Purported gang leaders in El Salvador have instructed rank and file members to stop committing homicides, but it’s unclear if the gangs possess the organizational cohesion to adhere to the orders.
On March 26, individuals who said they were representatives of the MS13 and two factions of the Barrio 18 announced in a video circulated by local TV that they had issued a directive to all their members to put an end to gang violence. (See video below)
A masked speaker said the gangs were taking this action to “show that…it is not necessary to implement measures that violate our constitution.”
The spokesperson was likely referring to the Salvadoran government’s plan to implement emergency measures in some neighborhoods that would limit rights to public assembly and movement. Additional measures are aimed at gaining greater control over the country’s prison system.
The representative closed with a warning to the government, saying that it will “not be able to put an end to the gangs” since they are “part of the Salvadoran community.”
In response to the video, Eugenio Chicas, spokesman for President Salvador Sánchez Cerén, said the government would not negotiate with gangs, reported La Prensa Grafica. Chicas also said the planned implementation of the emergency measures will be carried out on schedule.
On March 26, National Civil Police Director Howard Cotto questioned the validity of the video, saying gang messages have previously been disseminated that were later found to be fake.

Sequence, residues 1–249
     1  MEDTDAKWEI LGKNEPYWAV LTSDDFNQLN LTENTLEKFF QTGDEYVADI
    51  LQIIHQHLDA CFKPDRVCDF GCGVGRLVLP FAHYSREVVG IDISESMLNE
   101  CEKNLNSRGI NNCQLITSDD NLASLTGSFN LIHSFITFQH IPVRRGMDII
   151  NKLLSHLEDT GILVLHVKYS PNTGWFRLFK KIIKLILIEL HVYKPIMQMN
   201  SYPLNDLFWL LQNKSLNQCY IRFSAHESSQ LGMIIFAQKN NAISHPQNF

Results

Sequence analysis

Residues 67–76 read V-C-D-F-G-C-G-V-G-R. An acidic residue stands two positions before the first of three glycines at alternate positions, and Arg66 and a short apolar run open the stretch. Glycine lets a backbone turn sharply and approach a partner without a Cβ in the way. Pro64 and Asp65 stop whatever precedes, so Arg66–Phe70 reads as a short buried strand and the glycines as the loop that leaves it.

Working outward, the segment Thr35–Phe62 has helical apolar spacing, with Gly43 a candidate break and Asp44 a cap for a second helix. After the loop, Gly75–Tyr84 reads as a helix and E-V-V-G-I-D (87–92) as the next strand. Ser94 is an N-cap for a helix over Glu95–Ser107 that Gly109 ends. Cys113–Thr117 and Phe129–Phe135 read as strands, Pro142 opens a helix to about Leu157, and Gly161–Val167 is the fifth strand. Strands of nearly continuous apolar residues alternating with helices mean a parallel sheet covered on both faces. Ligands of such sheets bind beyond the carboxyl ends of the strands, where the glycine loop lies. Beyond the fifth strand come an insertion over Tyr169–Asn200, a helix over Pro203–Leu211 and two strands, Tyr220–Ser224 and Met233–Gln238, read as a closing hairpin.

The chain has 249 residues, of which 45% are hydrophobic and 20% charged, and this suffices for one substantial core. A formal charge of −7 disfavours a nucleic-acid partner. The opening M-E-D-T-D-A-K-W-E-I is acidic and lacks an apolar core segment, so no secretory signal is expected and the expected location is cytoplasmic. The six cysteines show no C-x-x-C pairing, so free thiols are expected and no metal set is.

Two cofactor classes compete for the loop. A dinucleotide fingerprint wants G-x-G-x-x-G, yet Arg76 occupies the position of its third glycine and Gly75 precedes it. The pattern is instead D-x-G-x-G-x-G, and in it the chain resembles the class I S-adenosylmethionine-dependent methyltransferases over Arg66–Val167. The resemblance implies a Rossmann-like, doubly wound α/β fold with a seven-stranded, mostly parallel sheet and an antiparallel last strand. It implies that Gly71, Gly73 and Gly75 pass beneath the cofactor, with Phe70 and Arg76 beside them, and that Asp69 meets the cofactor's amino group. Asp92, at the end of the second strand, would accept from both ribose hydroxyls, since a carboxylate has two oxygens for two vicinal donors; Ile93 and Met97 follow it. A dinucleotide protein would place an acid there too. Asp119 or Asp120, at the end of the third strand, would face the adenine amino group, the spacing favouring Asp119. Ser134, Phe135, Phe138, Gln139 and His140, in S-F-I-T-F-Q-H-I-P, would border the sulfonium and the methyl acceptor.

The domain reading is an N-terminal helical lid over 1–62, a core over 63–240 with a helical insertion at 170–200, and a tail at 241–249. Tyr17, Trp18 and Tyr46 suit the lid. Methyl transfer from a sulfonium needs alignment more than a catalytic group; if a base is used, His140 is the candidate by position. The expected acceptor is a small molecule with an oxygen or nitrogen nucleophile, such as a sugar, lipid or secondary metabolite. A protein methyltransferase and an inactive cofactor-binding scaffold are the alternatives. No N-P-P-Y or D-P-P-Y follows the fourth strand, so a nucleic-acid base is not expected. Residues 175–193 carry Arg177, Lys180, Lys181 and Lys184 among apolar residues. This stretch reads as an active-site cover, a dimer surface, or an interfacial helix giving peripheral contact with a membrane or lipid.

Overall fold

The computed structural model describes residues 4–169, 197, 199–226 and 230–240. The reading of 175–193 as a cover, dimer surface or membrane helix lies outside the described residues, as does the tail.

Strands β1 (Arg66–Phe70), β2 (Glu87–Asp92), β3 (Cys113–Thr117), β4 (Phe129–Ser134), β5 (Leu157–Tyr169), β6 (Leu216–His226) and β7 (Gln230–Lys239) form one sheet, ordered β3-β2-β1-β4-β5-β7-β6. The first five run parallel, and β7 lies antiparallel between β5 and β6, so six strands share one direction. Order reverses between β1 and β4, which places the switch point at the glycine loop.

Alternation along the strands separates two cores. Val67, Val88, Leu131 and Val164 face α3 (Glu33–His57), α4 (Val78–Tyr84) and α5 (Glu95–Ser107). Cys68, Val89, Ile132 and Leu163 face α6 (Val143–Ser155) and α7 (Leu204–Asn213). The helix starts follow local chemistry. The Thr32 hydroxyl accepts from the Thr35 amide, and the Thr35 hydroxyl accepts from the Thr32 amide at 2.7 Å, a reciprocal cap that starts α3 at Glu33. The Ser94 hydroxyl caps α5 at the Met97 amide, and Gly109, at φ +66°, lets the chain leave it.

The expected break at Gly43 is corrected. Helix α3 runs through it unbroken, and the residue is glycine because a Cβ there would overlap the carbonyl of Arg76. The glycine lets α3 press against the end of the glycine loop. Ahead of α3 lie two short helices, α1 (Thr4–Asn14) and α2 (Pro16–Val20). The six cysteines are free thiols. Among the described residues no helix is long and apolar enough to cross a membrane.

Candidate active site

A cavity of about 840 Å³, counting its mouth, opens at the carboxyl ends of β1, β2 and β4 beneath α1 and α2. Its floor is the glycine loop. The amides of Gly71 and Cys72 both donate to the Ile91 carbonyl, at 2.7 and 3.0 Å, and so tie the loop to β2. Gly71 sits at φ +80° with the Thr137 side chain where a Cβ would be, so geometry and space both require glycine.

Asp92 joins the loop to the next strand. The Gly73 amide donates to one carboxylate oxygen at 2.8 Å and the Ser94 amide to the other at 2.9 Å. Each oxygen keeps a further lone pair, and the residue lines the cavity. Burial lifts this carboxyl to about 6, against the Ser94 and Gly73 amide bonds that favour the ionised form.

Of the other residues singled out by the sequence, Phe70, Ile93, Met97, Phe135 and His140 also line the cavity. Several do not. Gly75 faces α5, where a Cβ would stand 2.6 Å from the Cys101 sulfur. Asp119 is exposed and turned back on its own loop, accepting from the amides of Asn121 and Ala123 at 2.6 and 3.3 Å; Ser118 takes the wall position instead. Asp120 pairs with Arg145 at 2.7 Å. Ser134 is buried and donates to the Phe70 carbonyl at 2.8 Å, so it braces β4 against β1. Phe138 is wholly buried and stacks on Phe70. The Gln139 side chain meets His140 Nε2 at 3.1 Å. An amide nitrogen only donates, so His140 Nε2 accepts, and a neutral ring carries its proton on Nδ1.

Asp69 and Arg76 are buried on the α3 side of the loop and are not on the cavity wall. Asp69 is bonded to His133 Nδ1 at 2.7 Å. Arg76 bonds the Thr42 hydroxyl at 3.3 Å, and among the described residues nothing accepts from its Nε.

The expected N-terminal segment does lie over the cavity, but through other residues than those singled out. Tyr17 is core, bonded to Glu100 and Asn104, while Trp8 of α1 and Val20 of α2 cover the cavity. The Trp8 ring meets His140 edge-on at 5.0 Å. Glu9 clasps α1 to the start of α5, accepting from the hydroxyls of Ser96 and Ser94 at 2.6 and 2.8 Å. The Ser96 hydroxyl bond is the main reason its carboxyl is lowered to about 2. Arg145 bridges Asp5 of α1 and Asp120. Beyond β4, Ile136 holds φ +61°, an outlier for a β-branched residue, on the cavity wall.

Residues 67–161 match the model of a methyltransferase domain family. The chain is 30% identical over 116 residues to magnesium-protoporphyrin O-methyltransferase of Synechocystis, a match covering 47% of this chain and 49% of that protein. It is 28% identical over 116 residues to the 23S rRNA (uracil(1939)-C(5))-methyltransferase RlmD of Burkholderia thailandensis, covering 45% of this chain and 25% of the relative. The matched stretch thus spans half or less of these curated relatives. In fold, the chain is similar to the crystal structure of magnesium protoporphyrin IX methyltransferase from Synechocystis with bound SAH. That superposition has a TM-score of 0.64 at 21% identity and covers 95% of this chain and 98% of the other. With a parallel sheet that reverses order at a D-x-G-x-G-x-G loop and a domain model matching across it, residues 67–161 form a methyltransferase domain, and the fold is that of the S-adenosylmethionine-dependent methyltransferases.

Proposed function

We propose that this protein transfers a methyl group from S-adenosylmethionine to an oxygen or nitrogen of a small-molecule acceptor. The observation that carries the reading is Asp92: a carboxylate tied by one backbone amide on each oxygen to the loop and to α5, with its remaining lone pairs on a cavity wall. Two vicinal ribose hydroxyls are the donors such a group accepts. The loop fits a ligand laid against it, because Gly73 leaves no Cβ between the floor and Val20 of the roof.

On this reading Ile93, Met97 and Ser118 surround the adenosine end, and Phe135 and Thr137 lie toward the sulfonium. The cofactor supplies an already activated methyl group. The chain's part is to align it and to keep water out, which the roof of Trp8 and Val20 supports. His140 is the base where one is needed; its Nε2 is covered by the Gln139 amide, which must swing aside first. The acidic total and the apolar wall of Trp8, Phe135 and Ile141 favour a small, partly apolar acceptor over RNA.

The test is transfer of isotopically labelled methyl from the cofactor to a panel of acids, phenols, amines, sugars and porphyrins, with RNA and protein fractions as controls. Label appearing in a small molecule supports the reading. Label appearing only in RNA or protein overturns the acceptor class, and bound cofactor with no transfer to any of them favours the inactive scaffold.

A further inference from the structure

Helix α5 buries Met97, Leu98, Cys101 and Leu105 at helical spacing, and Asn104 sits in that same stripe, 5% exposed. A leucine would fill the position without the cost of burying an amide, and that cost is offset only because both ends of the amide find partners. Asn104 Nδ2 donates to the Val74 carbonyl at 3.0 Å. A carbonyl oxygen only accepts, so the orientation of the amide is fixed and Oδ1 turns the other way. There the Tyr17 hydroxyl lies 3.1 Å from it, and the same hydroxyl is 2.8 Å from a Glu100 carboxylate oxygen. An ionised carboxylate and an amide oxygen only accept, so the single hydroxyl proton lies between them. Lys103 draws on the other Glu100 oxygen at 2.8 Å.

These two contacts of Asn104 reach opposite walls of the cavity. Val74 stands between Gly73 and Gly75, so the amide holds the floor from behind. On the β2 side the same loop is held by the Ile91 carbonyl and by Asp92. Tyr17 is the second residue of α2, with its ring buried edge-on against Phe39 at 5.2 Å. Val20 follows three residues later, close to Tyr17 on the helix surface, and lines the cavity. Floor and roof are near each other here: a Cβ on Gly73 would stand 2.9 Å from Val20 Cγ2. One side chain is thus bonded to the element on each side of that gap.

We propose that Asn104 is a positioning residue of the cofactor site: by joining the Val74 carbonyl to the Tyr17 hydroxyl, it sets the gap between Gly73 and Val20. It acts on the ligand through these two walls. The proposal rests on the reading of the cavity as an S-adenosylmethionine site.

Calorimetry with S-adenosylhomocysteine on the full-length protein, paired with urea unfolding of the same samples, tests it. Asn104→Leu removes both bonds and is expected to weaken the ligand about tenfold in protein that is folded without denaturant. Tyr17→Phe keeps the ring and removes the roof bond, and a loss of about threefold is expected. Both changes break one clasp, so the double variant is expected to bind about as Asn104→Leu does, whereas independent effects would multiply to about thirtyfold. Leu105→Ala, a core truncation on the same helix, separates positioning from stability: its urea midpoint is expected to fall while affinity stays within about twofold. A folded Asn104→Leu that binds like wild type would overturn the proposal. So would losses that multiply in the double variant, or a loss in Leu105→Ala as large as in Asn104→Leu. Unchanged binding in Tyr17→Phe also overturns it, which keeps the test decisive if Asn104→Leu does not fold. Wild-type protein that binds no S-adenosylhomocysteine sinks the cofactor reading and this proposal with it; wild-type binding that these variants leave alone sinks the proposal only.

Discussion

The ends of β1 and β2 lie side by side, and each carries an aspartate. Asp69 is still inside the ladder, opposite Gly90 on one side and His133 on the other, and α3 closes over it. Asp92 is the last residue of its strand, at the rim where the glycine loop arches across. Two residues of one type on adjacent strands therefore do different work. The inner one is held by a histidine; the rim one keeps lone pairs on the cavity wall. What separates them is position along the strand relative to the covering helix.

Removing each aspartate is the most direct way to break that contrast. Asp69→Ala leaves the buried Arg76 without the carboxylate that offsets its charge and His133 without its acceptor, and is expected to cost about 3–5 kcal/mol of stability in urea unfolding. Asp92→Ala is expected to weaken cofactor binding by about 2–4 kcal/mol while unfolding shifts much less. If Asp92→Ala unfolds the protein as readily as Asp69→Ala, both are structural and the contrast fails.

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There are indications that the video may be credible. Raul Mijango, a principal mediator involved in El Salvador’s 2012 gang truce, told the Associated Press that he “had previously received some information that [the gangs] were thinking about sending a message.” In addition, the journalist who published the video has been known to publish credible gang messages in the past.
But even if the video is legitimate, there are questions about whether gang leaders have enough control over their base to significantly reduce homicides. According to the police, there were 17 homicides nationwide on Saturday and nine on Sunday, for a weekend average of 13 per day. That is roughly half of the daily average of 23 homicides in days leading up to the weekend, but more time and data is needed to determine if this represents a trend.
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The 2012 truce between the Barrio 18 and MS13 initially led to a dramatic drop in homicides. After the unraveling of the truce, however, authorities sent imprisoned gang leadership back to maximum-security facilities, providing an opportunity for mid-ranking members unhappy with the truce to take more control. The gangs now appear to be fracturing into smaller, competing cells that owe less allegiance to the central leadership. This gang atomization process is believed to be a key reason why murders in El Salvador skyrocketed to over 100 per 100,000 residents last year, the highest homicide rate of any nation in the world not at war.
Meanwhile, the government’s response to the video reaffirms its opposition to cooperating with the gangs in any fashion. The Sánchez Cerén administration has steadfastly refused to restart negotiations, and security officials have instead employed increasingly heavy-handed policing tactics to combat the gangs.